curated by Lóránd Hegyi e Demetrio Paparoni11.12.2004 - 27.02.2005
After the success enjoyed with Nobu at Elba, the wide-dimension installation exhibited in February 2004 in the Scuderie di Villa Menafoglio Litta Panza in Biumo Superiore, near Varese, Milanese artist Giovanni Frangi (born in 1959), one of the most successful of his generation, held an exhibition at Galleria dello Scudo, Verona, showing a series of paintings inspired by the urge to relate to nature in a completely new way, thus marking a further evolution in his research. The exhibition was held from December 11, 2004 to February 27, 2005, four years after Viaggio in Italia, the project that clearly revealed how the need to search in painting what lies beyond the real was already primary at that time.
Nobu at Elba, four canvases for a total of forty meters and a group of sculptures in burnt foam rubber, represented a fundamental turning point in Frangi’s journey, introducing unprecedented motifs into a constantly renewed thematic and stylistic repertoire. The plastic interventions with unusual materials – foam rubber precisely – to be placed in close relationship with the pictorial context, the adoption of color balances within a language strongly hinged on gestures, the continuous variation of light within a narrow time rhythm, from the highest intensity to total darkness, are just some of the elements that testify to the performance of a work that has undoubtedly led to more audacious and highly emotional results.
For the Veronese exhibition, the artist created twenty paintings on canvas of equal height (about two meters) and different width, as well as ten on paper, which are identical and where the horizon disappears and the sight from above of a sky-less world as well as planes are rendered through a material score that is nothing other than a musical scan. This mused and unexpected relationship with the landscape – plains, lakes, rivers, mountain ridges… the usual subjects, after all – once again called the visitor to an immersion in nature, with a radically different involvement. The same size contributes to strengthen the sense of uniqueness of the representation that the entire cycle of works aims to build.
At the opening of the exhibition, a Lochness view, with chromatic features based on the alternation of grays and blacks, prepared the viewer for the transition from a frontal vision, with clear naturalistic features, to the sudden glance from above in these recent paintings; a glance capable of mingling shapes and then arranging them, according to an unexpected construction. It is the case of the four Belforte snapshots taken in close sequence, in which the Apennine countryside ends up in episodes of pure painting, where the synthesis is now unequivocally synonymous with abstraction; as well as of the two versions of Gstaad, divided into scores that identify the masses according to a vertical trend, all immersed in a color magma from which the lyricism of a Nordic spirit emerges.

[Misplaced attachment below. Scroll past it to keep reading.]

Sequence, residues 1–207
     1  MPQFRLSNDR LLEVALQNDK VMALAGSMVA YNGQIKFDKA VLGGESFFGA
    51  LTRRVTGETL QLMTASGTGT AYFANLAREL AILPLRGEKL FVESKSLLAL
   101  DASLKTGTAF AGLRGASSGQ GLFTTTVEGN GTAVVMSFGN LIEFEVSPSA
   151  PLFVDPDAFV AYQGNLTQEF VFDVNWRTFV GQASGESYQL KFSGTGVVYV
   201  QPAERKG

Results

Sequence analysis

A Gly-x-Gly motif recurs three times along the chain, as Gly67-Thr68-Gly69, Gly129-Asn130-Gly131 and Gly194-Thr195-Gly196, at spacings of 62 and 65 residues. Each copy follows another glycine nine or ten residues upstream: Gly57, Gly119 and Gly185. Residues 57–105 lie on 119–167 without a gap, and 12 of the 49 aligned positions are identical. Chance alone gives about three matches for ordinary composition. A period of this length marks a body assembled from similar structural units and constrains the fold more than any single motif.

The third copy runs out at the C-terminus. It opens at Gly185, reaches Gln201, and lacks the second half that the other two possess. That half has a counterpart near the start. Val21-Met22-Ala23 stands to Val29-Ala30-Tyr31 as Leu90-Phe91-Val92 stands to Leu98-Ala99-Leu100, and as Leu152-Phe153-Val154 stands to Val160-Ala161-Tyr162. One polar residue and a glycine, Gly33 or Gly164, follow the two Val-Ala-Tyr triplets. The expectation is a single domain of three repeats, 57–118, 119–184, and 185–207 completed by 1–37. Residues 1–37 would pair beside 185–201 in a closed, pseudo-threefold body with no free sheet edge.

The exhibition is curated by Lóránd Hegyi, director of the Musée d’Art Moderne in Saint-Etienne, and by Demetrio Paparoni, professor of History of contemporary art at the Faculty of Architecture, University of Catania. The catalog published for the occasion includes their essays, centered respectively on the reinterpretation of nature, which the choice of a completely new point of view allowed in multiple unexpected results, and on the sign-color-light relation, that so strongly characterizes the structure of a pictorial frame still tied to modern tradition, where gestures were governed by well-defined grammar rules. Claudio Abate, author of the photographs illustrating the volume, interprets the accomplishment of the project in the artist’s studio.